Alisa Pykett, Ph.D.
Postdoctoral Fellow 2019-20
Dr. Alisa Pykett is currently a Postdoctoral Research Associate at the University of Wisconsin-Madison working on a project that examines how local, place-based environmental projects promote young people’s civic agency and commitment to their communities. She will join the Self, Virtue, and Public Life Project in August 2019. Her scholarship focuses on the settings and processes that foster civic development among youth and emerging adults. She also studies the experiences across the lifespan that impact people’s understanding of the commons and their commitment to the common good. As an applied social scientist who values community-based research, Dr. Pykett often collaborates with community organizations in research and evaluation. She recently completed her PhD in the Civil Society and Community Research program in the School of Human Ecology at the University of Wisconsin and holds a master’s degree in Social Work from the Indiana University School of Social Work.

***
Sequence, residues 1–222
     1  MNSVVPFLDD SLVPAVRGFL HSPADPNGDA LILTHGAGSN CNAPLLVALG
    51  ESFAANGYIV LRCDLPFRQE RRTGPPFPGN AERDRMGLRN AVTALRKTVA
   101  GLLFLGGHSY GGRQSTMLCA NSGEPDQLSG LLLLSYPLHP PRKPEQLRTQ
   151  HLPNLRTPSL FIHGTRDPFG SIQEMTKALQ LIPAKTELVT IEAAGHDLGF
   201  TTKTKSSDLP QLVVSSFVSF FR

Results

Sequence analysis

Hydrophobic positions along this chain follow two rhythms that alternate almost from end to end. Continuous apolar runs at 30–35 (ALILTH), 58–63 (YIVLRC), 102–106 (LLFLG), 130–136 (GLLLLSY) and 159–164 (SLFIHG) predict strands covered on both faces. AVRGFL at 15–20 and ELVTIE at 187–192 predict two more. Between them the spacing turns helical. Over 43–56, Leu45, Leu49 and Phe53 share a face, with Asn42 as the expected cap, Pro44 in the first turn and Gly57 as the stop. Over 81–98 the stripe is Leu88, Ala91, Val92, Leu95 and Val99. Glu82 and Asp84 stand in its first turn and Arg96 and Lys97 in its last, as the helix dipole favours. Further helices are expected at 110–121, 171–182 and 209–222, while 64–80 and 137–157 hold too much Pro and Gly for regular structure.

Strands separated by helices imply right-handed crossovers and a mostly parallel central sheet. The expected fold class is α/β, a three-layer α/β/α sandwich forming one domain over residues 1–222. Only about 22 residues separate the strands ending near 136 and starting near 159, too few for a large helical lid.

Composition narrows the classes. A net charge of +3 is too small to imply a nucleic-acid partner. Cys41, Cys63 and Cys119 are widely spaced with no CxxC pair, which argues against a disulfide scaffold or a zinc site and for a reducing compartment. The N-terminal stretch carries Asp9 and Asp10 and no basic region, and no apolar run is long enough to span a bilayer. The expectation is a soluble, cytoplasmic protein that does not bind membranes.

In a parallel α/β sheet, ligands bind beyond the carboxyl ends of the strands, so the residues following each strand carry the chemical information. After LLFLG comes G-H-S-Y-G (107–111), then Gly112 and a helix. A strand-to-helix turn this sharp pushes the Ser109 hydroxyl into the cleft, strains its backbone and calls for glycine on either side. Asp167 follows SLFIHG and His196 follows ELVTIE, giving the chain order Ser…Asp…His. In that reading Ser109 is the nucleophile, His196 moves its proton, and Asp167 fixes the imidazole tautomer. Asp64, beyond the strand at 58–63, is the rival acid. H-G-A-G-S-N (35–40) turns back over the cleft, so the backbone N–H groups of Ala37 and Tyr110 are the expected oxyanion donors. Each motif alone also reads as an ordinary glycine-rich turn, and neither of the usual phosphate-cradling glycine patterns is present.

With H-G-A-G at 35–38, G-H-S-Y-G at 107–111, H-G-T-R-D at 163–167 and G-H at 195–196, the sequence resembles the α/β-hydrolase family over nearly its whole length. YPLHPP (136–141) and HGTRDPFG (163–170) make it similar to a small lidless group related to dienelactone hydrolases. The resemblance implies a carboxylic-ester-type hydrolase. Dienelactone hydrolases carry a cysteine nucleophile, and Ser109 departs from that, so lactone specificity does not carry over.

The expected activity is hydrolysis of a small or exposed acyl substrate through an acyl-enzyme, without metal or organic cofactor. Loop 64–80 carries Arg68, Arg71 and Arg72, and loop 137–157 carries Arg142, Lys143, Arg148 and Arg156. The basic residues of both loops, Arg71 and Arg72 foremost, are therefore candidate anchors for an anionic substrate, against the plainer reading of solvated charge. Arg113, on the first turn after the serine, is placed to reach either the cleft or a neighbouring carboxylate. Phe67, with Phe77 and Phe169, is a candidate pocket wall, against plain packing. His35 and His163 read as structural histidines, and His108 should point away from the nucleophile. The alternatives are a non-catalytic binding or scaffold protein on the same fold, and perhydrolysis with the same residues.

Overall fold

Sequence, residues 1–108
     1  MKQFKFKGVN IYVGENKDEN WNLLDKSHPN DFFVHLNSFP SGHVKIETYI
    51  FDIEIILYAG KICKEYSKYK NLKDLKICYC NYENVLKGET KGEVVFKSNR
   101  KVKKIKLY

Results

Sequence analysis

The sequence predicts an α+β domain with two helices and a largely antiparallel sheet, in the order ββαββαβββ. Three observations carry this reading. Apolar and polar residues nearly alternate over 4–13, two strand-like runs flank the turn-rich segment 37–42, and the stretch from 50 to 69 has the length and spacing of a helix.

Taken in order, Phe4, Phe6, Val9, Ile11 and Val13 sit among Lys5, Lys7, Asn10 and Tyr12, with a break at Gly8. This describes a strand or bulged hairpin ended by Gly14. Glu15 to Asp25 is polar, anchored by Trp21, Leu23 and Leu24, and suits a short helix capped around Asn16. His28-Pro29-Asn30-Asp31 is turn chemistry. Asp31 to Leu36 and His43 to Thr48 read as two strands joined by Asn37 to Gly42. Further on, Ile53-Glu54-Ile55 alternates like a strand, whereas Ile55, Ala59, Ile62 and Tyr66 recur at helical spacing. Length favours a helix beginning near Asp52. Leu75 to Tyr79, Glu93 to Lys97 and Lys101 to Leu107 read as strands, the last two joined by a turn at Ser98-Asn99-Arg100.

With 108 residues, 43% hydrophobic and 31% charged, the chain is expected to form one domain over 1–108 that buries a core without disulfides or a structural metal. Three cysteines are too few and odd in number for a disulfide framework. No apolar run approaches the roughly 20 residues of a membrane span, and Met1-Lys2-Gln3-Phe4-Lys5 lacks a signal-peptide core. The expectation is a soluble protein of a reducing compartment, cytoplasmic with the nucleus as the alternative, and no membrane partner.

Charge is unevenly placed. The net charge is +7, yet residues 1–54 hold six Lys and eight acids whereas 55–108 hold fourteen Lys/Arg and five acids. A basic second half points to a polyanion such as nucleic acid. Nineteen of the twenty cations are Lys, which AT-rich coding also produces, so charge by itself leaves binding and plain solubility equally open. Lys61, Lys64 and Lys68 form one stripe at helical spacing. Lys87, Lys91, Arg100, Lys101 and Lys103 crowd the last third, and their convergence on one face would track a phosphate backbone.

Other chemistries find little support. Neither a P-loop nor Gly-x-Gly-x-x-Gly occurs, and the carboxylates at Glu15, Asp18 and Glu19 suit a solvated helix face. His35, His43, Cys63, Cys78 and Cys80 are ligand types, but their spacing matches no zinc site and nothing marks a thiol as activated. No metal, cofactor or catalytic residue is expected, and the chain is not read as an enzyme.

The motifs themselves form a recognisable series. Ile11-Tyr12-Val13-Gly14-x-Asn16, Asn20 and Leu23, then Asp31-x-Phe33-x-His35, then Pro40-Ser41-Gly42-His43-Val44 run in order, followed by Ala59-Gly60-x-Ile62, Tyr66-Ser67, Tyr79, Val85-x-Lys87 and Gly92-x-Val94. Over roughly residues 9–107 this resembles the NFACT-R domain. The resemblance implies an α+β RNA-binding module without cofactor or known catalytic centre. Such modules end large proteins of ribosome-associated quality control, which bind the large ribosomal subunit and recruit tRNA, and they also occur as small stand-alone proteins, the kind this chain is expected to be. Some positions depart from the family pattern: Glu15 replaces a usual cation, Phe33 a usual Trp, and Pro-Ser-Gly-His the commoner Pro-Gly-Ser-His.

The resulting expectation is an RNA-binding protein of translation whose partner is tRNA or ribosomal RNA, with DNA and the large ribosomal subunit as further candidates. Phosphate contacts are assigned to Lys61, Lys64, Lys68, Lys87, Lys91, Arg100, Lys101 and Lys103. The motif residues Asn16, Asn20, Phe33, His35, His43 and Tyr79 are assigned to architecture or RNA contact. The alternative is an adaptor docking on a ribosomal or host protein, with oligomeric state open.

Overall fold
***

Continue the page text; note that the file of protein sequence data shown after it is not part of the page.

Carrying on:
During the postdoctoral fellowship at the University of Oklahoma, Dr. Pykett will engage in scholarship focused on civic development and community and organizational settings. For her dissertation, she examined the individual-level civic and leadership development of young adults participating in an alternative institution for civic practice – a justice-focused model of national service with program sites in over 20 U.S. cities. In the program, participants complete 10-month apprenticeships in community-based organizations and engage in community leadership training in a cohort. The unique aspects of the model, such as local leadership and commitment to and success in recruiting young people who may have fewer pathways into community work, hold particular promise for strengthening the civic development of young adults and the civic ties within the communities in which they live. Building on her dissertation work, she will examine how aspects of the settings influenced participant development by analyzing survey data and in-depth participant interviews she conducted as part of the project. The interviews explored participants’ feelings of belongingness, agency, and commitment to their communities.
Dr. Pykett will also further develop a body of work on the conceptualization and study of transformative spaces and settings. Building on initial fieldwork and previously theorized democratic spaces, including third place, mini-publics, empowering settings, and free spaces, this works seeks to understand the role these spaces may play as catalysts and anchors for building a robust civil society and for developing civic agency and fostering hope among individuals.